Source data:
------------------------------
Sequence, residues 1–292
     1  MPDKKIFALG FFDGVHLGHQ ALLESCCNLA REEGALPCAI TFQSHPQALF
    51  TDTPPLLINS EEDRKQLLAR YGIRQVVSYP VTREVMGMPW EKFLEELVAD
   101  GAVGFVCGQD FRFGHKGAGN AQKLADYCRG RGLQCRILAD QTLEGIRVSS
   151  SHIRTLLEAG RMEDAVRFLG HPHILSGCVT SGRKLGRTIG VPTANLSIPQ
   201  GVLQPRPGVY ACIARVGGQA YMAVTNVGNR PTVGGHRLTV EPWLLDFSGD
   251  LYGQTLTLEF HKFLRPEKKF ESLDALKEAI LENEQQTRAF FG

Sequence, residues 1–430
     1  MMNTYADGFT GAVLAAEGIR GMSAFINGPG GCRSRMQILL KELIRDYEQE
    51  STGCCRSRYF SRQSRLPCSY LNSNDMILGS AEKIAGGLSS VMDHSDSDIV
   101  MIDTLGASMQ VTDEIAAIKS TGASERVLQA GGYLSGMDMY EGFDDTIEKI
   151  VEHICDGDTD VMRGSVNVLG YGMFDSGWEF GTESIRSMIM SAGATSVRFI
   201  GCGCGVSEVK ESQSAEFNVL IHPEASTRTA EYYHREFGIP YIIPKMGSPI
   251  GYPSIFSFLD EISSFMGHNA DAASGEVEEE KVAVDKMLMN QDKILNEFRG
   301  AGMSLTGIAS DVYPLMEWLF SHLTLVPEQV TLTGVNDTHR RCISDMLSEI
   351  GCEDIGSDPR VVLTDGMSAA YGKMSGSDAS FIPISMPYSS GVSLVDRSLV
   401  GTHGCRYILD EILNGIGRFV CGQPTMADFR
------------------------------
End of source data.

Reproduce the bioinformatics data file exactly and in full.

Sequence, residues 1–292
     1  MPDKKIFALG FFDGVHLGHQ ALLESCCNLA REEGALPCAI TFQSHPQALF
    51  TDTPPLLINS EEDRKQLLAR YGIRQVVSYP VTREVMGMPW EKFLEELVAD
   101  GAVGFVCGQD FRFGHKGAGN AQKLADYCRG RGLQCRILAD QTLEGIRVSS
   151  SHIRTLLEAG RMEDAVRFLG HPHILSGCVT SGRKLGRTIG VPTANLSIPQ
   201  GVLQPRPGVY ACIARVGGQA YMAVTNVGNR PTVGGHRLTV EPWLLDFSGD
   251  LYGQTLTLEF HKFLRPEKKF ESLDALKEAI LENEQQTRAF FG

Sequence, residues 1–430
     1  MMNTYADGFT GAVLAAEGIR GMSAFINGPG GCRSRMQILL KELIRDYEQE
    51  STGCCRSRYF SRQSRLPCSY LNSNDMILGS AEKIAGGLSS VMDHSDSDIV
   101  MIDTLGASMQ VTDEIAAIKS TGASERVLQA GGYLSGMDMY EGFDDTIEKI
   151  VEHICDGDTD VMRGSVNVLG YGMFDSGWEF GTESIRSMIM SAGATSVRFI
   201  GCGCGVSEVK ESQSAEFNVL IHPEASTRTA EYYHREFGIP YIIPKMGSPI
   251  GYPSIFSFLD EISSFMGHNA DAASGEVEEE KVAVDKMLMN QDKILNEFRG
   301  AGMSLTGIAS DVYPLMEWLF SHLTLVPEQV TLTGVNDTHR RCISDMLSEI
   351  GCEDIGSDPR VVLTDGMSAA YGKMSGSDAS FIPISMPYSS GVSLVDRSLV
   401  GTHGCRYILD EILNGIGRFV CGQPTMADFR